Goffin’s reward was a clash against the winner of the subsequent quarter-final match. Diego Schawrtzman had capitalised on previous upsets throughout the week to sneak into the final eight and win a shot against the unstoppable force, Rafael Nadal. Schwartzman proved to be a game opponent, but ultimately lacked the weapons to truly faze Nadal.
So, the semi-finals were set! Lucas Pouille and Albert Ramos-Vinolas kicked off proceedings with an entertaining three set tug-of-war. Pouille took a while to start up, dropping the first set, but in the second he was revving his engines. The Frenchman swung a fist in triumph as he scored the decisive break after a marathon rally. However, early in the decider, it was clear that Pouille’s efforts had been in vain. Pouille’s injury woes combined with Ramos Vinolas’s clay court wizardry saw the Spaniard coast through the third set to clinch a spot in the grand final.
With a peaking Ramos-Vinolas awaiting, Nadal and Goffin were left to battle it out for the second spot in the final. With Goffin showcasing his genius against the King of Clay, the contest was perfectly poised for a three-set classic. However, with the Belgian leading by a break at 3-2, the entire match was up-ended. As Nadal overcooked a forehand long, Goffin pulled ahead, 4-2 . . . or so we thought. Although the ball was indeed out, umpire Cedric Maurier overruled the call. “It was very significant” said Nadal of the incident, “at the beginning he was dominating all the points”. Goffin, a player known for his calm demeanour, was beside himself in frustration. With his focus scrunched, Goffin allowed himself to dissolve, winning only one game thereafter. For Goffin, the match was a disappointing end to a stellar tournament. For Nadal, it was the gateway to his eleventh Monte-Carlo final.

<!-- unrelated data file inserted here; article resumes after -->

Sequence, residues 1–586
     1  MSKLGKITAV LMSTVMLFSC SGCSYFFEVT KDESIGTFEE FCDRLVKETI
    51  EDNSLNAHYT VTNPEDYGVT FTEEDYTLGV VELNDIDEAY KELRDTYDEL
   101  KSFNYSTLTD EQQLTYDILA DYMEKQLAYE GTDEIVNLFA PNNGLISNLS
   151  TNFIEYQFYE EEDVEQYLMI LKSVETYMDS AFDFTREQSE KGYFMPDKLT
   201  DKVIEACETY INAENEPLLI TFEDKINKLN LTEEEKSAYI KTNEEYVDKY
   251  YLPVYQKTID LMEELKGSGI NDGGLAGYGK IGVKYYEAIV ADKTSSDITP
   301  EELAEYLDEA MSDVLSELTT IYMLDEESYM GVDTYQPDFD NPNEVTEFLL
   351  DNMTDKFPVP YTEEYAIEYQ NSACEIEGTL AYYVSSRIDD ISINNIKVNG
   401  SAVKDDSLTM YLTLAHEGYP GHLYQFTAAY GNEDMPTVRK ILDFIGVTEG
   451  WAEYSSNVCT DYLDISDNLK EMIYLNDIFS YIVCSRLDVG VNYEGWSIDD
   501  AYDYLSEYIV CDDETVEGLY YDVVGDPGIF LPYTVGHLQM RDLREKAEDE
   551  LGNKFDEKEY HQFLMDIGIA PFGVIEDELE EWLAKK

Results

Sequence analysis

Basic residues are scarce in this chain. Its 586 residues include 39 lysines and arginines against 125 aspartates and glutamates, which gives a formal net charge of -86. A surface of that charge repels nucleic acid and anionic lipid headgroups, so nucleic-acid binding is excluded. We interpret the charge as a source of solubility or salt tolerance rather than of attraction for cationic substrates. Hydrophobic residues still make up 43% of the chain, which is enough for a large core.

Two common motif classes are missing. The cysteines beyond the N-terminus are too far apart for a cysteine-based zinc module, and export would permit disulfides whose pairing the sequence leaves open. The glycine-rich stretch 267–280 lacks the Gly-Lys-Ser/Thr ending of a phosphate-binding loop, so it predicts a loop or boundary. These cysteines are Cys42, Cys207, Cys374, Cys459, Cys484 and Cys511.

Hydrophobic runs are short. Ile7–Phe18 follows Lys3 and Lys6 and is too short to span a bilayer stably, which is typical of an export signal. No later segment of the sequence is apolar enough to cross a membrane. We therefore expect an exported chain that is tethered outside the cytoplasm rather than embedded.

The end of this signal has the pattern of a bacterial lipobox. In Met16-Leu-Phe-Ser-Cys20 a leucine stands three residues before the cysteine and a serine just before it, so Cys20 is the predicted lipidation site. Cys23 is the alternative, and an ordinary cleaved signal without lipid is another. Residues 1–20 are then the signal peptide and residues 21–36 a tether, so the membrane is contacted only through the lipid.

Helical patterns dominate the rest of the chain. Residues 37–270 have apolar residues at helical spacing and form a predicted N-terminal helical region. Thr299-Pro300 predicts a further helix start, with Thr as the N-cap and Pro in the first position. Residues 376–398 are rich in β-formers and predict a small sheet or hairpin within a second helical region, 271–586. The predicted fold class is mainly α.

The grand final was a fitting end to the tournament, as the breakout star was set to face the reigning, defending champion. It was a historic match for Rafael Nadal, as a victory would earn him the most clay-court titles in Open Era history. The early proceedings favoured Nadal, as Ramos-Vinolas was forced to ward off three break points in his opening service game. However, his fortitude was to no avail, as Nadal steamrolled through the following five games to clamp the first set. It was much of the same in the second. Ramos-Vinolas did boost his game, but even his best efforts were not forceful enough to raze Nadal’s defences. With Ramos-Vinolas serving at 3-5 in the second, Nadal sensed an opportunity. At deuce, a brutal baseline war ended with Nadal blasting a backhand winner down-the-line. Ramos-Vinolas managed to save the following two match points, but on the third, his dream run ended with a double fault. Nadal lifted his arms in victory, as he had made history.
Once again it was Rafael Nadal who emerged victorious on the red dirt of Monte-Carlo. Will Rafa dominate the remainder of the clay court season? Be sure to tune in on Tennis-Pulse.com.